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Sudanese police announces support to president amid protests

Hundreds of protesters come together during a demonstrations against the soaring prices and the scarcity of basic goods and services in Sudan on 20 December 2018
Hundreds of protesters come together during a demonstration against the soaring prices, the scarcity of basic goods and services in Sudan on 20 December 2018

Sudan’s interior minister, Ahmed Bilal, yesterday announced that the state police forces “fully support” the country’s president Omar Al-Bashir.

“We announce our full support for Bashir,” Bilal said during a meeting with Bashir and the police commanders in the Sudanese capital of Khartoum.

He stressed that the ministry would stop “those trying to use the economic situation to inflame sedition.”

“The only way to change power is through elections, not protests,” Bilal noted, adding: “There will be no way to chaos.”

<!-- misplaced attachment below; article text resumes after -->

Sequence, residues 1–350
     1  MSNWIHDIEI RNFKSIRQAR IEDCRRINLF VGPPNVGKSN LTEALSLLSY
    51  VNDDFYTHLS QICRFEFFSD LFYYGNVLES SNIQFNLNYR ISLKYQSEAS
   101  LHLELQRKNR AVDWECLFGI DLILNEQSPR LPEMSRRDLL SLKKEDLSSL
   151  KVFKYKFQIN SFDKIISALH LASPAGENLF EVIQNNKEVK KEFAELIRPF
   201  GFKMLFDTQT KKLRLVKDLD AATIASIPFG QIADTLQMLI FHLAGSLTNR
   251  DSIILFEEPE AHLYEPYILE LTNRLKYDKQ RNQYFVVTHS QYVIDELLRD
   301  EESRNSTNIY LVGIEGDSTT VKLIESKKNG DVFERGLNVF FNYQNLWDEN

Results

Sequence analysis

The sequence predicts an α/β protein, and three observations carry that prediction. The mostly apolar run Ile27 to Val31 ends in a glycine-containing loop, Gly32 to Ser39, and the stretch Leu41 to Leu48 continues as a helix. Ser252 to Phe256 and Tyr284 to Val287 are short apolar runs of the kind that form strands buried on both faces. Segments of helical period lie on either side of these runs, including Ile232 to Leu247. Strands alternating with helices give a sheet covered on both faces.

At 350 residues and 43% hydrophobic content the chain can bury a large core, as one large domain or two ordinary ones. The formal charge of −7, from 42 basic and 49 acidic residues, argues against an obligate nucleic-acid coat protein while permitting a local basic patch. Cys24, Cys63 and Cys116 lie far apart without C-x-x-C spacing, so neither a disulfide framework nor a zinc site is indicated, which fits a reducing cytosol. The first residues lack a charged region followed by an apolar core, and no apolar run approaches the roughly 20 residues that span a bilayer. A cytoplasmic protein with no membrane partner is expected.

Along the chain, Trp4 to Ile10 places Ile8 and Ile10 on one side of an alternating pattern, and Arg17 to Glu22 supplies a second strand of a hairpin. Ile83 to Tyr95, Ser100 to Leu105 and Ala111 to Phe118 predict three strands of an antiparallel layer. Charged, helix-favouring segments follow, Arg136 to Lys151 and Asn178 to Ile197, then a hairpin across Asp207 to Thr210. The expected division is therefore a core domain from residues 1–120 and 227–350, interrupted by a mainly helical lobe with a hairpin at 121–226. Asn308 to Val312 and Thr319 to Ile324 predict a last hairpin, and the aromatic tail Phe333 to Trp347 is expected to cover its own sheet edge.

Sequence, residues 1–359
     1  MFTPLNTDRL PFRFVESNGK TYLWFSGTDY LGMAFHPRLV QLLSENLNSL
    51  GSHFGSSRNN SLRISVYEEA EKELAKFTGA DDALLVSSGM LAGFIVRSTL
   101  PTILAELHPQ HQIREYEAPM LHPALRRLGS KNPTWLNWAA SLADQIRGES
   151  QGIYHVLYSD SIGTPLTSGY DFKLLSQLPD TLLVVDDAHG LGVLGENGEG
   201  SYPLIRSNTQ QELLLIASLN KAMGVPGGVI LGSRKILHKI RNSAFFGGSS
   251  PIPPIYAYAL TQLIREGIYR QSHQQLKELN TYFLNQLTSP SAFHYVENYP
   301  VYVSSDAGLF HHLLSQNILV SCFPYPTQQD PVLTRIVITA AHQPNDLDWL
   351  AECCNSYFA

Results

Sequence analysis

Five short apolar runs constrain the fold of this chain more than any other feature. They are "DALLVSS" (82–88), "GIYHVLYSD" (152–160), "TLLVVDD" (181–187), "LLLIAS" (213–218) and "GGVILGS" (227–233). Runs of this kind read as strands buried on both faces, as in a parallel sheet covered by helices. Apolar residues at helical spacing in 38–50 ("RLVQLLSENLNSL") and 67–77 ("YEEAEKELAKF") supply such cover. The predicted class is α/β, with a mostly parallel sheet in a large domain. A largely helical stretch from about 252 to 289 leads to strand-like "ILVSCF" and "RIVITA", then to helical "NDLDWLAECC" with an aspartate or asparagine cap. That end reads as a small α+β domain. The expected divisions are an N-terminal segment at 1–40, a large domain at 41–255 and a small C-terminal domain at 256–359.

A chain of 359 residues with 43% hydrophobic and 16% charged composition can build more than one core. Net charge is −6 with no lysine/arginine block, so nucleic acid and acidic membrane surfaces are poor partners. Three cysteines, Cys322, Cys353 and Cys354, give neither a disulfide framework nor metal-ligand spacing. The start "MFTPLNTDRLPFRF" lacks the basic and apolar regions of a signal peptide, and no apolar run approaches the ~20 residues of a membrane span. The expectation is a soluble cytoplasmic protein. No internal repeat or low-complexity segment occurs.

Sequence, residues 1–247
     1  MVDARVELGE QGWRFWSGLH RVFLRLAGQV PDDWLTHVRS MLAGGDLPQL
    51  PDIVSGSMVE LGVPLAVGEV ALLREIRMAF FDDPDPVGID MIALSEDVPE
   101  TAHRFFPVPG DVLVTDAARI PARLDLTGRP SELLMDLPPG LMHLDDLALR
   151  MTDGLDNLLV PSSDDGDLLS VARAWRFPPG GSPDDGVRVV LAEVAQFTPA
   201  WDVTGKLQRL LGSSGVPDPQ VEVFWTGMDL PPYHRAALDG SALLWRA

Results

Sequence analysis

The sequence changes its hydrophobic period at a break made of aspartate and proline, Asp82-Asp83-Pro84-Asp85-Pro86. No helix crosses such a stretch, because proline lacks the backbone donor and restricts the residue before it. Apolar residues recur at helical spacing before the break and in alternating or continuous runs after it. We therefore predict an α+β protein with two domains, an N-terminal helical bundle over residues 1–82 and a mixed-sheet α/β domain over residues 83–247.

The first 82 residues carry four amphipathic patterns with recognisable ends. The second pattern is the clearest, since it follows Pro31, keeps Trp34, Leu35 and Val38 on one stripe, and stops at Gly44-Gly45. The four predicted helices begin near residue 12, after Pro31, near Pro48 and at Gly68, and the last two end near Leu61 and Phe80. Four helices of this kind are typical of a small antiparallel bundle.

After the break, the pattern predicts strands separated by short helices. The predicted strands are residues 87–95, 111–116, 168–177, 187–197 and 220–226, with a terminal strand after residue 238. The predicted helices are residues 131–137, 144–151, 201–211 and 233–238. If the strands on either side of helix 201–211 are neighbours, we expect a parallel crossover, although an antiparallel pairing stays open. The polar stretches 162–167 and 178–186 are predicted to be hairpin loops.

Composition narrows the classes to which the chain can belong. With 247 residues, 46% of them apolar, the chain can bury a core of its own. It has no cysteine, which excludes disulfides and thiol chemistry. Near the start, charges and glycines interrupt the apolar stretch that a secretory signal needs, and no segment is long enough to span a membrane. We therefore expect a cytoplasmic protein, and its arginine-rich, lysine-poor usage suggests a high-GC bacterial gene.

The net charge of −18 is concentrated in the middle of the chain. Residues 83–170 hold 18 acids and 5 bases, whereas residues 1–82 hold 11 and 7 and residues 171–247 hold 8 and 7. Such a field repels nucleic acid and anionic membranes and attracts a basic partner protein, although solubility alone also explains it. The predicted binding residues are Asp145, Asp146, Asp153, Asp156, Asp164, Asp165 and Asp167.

The Sudanese official pointed out the government was working on improving the “current economic situation,” warning that it would not allow what he described as “igniting sedition.”

On his part, the police director general, Al-Tayeb Babikir Ali, said that the protests were “destruction of Sudan’s properties,” adding that the state security forces were pursuing “criminals who used protests to commit robbery and theft.”

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The move was the first since the start of Sudan’s nationwide demonstrations on 19 December, which have been staged against price hikes, inflation and a double in the cost of bread. Official estimates put the death toll from the protests at say 19, but opposition groups say that at least 40 have been killed in the unrest.

Sudanese authorities have announced a state of emergency and curfew in a number of provinces over the protests, with government officials accusing Israel of plotting with rebel groups to cause violence in the country.

A nation of 40 million people, Sudan has struggled to recover from the loss of three-quarters of its oil output – its main source of foreign currency – when South Sudan seceded in 2011.

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